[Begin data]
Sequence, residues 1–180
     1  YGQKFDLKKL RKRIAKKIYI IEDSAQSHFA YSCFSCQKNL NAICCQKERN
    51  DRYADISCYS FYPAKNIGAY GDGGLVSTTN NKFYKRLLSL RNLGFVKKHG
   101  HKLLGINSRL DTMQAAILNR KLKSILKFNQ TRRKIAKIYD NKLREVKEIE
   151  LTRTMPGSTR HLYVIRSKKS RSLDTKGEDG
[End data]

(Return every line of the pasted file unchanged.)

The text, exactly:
Sequence, residues 1–180
     1  YGQKFDLKKL RKRIAKKIYI IEDSAQSHFA YSCFSCQKNL NAICCQKERN
    51  DRYADISCYS FYPAKNIGAY GDGGLVSTTN NKFYKRLLSL RNLGFVKKHG
   101  HKLLGINSRL DTMQAAILNR KLKSILKFNQ TRRKIAKIYD NKLREVKEIE
   151  LTRTMPGSTR HLYVIRSKKS RSLDTKGEDG